[Biococoa-dev] more ramblings
Koen van der Drift
kvddrift at earthlink.net
Thu Dec 2 20:56:17 EST 2004
On Dec 2, 2004, at 2:21 AM, Alexander Griekspoor wrote:
> Very nice summary John, this indeed the state of the union ;-)
>> Koen, who doesn't like the idea of sequence subclasses, wants to make
>> methods accept all sequences, even if they can't make any sense out
>> of it -
>> for example, a nucleotide sequence being sent to a hydrophobicity
>> calculator. Nonsense like this could be handled by throwing an
>> exception or
>> something similar.
> Again, this is the number one reason why I 'till now chose for typed
> subclasses, and still thinks it's a better option.
>> Alex and I feel that it's better to help the developer recognize
>> errors by having type requirements for these methods, where possible.
>> converse is that I can't see any possible benefit of allowing a
>> that can throw an exception when it can be prevented easily. Koen
>> may be
>> able to explain benefits I can't see, since he is advocating this.
> He mentioned one, but it doesn't do it for me yet.
>> One compromise would be to have the actual method implementation
>> (which is
>> in a non-sequence class) accept any type of sequence, but place the
>> convenience method that calls it in the specific sequence class(es)
>> should be used with the method. Again, I'd prefer otherwise, but if
>> I get
>> outvoted on that, please allow me this concession.
> It's better to choose, if we go for subclasses there's no advantage to
> do this, it even removes one as it lifts the type requirements!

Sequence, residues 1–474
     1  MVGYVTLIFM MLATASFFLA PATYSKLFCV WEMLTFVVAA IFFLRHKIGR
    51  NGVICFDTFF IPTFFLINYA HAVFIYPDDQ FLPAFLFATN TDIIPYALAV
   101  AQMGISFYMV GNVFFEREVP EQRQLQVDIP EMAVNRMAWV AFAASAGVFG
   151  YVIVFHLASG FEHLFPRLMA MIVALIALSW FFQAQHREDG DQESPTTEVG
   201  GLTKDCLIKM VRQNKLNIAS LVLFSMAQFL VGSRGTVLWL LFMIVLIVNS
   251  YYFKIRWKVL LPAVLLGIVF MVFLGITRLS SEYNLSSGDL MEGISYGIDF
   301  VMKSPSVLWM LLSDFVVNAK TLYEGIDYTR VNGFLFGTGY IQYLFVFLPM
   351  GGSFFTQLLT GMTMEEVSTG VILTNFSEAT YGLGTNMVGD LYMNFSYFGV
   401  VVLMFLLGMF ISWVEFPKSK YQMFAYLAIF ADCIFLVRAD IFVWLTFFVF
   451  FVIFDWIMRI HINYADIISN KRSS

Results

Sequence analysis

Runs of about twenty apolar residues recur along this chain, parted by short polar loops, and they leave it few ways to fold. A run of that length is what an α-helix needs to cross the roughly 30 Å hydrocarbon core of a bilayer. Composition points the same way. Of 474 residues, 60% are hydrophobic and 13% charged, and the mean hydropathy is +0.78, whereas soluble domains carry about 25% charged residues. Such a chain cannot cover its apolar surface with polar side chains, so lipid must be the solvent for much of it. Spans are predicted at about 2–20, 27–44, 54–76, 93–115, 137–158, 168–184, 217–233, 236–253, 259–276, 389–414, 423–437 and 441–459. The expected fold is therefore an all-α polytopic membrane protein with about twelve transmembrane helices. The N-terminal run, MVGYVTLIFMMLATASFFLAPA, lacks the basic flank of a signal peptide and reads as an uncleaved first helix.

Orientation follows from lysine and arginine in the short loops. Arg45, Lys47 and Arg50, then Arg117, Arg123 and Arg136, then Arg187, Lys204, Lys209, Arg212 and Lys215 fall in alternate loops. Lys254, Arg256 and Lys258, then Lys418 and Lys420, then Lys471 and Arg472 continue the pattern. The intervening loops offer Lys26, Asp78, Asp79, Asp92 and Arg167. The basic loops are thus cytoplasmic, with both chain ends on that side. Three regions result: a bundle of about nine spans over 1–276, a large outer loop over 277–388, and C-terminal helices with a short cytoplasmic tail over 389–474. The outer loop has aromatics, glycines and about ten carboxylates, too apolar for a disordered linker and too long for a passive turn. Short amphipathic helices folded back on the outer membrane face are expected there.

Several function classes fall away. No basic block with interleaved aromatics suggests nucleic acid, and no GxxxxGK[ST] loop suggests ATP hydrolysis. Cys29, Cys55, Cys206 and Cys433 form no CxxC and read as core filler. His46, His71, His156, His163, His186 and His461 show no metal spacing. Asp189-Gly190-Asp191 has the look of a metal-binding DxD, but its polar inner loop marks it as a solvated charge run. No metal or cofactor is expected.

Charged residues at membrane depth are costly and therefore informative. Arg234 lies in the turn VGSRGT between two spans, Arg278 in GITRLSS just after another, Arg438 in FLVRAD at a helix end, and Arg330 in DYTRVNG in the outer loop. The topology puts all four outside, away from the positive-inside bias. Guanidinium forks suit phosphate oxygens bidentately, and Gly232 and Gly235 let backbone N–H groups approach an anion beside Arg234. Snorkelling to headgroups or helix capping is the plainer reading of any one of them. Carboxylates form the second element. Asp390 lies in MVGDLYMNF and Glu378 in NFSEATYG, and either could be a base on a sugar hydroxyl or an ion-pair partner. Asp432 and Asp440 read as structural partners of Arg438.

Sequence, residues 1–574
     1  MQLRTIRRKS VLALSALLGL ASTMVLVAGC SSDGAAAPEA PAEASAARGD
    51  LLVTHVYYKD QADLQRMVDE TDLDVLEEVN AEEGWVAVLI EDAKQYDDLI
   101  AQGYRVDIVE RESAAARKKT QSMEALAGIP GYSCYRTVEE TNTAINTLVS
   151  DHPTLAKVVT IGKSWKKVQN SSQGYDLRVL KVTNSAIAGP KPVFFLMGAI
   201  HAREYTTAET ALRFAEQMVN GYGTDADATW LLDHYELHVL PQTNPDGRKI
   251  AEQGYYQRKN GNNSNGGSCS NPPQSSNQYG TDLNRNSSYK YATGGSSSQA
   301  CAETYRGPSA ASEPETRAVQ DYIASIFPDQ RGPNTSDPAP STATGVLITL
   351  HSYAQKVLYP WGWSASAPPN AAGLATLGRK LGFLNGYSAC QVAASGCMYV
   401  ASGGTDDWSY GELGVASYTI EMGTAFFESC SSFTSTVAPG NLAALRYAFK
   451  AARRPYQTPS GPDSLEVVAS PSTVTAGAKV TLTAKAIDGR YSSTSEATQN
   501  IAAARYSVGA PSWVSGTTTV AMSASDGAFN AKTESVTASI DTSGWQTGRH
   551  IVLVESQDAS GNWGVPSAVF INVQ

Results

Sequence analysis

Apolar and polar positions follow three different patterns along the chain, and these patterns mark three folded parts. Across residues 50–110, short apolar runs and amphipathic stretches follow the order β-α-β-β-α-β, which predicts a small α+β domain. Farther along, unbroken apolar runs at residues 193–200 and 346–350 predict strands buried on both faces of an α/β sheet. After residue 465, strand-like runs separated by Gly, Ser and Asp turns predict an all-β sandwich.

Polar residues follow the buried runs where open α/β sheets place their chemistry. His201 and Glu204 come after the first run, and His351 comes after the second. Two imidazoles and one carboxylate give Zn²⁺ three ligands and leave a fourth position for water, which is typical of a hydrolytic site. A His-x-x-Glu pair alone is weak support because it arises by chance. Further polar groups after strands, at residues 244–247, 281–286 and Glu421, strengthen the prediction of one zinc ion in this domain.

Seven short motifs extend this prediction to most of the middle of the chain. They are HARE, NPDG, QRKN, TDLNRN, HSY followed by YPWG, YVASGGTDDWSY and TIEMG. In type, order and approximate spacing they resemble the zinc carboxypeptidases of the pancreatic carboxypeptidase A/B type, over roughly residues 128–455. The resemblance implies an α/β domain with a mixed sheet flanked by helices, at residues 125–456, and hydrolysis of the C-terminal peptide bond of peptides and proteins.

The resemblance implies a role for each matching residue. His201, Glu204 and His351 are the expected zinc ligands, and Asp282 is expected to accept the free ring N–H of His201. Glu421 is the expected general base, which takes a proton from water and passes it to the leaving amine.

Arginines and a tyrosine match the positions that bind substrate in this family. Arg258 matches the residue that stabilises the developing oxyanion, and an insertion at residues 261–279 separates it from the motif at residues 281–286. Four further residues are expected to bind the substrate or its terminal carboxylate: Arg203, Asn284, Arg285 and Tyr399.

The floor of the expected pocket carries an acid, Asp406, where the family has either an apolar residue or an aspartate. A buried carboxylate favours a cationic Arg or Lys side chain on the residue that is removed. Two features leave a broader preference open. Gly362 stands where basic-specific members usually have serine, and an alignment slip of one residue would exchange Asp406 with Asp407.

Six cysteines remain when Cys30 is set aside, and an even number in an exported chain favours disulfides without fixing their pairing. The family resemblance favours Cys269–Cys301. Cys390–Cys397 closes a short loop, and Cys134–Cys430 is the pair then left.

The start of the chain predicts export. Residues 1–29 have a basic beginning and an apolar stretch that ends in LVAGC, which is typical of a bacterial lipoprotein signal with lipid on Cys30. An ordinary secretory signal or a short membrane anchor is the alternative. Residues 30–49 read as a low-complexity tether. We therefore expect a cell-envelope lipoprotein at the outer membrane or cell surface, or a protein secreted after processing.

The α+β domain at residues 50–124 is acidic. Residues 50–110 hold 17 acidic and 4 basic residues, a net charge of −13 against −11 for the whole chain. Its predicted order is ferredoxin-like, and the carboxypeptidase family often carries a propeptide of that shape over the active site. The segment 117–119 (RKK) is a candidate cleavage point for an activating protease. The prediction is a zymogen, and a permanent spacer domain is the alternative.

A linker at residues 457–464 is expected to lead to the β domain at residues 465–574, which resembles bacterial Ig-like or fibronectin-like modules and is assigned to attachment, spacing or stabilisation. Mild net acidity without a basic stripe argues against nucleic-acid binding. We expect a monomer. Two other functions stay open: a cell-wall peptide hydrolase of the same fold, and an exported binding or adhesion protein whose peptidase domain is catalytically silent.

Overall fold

Well let me add some points here. Although I never liked the idea of
subclassing BCSequence, I think you guys are right that if we use
one-liners it is better to call them from the appropriate subclass. But
I still like the idea of have the wrapper test the sequence type first
before continuing. It might be nonsense to do that, but the result
won't be - because there are no results. Just returning nil will be
sufficient, no need to start throwing exceptions around ;)
My main reason for being against the subclassing was because at the
time that I brought it up there was so much code-duplication, that I
was wondering if there was a way to make it easier to maintain and
understand. We didn't talk much about one-liners and convenience
methods then, which is indeed a reasonable argument pro subclassing,
However, I don't like the idea that was suggested in another recent
mail, to also make subclasses for DNAStrict, proteinstrict, etc. These
are only variations on the existing three subclasses, and should be
differentiated from each other by their symbolset and/or sequencetype.
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